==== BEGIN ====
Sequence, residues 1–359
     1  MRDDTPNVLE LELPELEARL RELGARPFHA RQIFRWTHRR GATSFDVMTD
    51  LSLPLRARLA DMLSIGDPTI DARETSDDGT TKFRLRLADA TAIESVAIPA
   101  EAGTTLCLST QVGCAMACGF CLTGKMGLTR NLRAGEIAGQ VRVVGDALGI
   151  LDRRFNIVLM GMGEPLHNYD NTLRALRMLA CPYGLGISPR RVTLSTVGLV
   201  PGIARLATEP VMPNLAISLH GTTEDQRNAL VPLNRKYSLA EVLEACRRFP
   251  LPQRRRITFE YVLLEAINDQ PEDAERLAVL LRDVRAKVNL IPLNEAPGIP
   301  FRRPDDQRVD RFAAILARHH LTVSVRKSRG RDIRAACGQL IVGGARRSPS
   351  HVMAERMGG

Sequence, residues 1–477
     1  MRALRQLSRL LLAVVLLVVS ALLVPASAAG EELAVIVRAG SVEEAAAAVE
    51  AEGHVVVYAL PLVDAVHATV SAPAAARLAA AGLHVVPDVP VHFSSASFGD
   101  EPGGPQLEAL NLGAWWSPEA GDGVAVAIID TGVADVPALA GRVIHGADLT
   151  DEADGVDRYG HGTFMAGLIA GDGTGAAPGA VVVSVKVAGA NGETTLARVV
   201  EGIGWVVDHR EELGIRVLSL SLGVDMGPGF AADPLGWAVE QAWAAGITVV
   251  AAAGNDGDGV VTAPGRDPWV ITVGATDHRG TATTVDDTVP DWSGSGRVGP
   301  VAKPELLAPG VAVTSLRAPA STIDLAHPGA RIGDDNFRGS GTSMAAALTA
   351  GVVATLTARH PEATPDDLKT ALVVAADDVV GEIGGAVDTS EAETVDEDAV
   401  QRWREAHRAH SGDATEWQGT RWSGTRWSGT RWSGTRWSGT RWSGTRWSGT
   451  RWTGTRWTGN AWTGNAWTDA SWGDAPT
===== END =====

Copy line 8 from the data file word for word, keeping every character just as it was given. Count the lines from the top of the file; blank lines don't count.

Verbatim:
   301  FRRPDDQRVD RFAAILARHH LTVSVRKSRG RDIRAACGQL IVGGARRSPS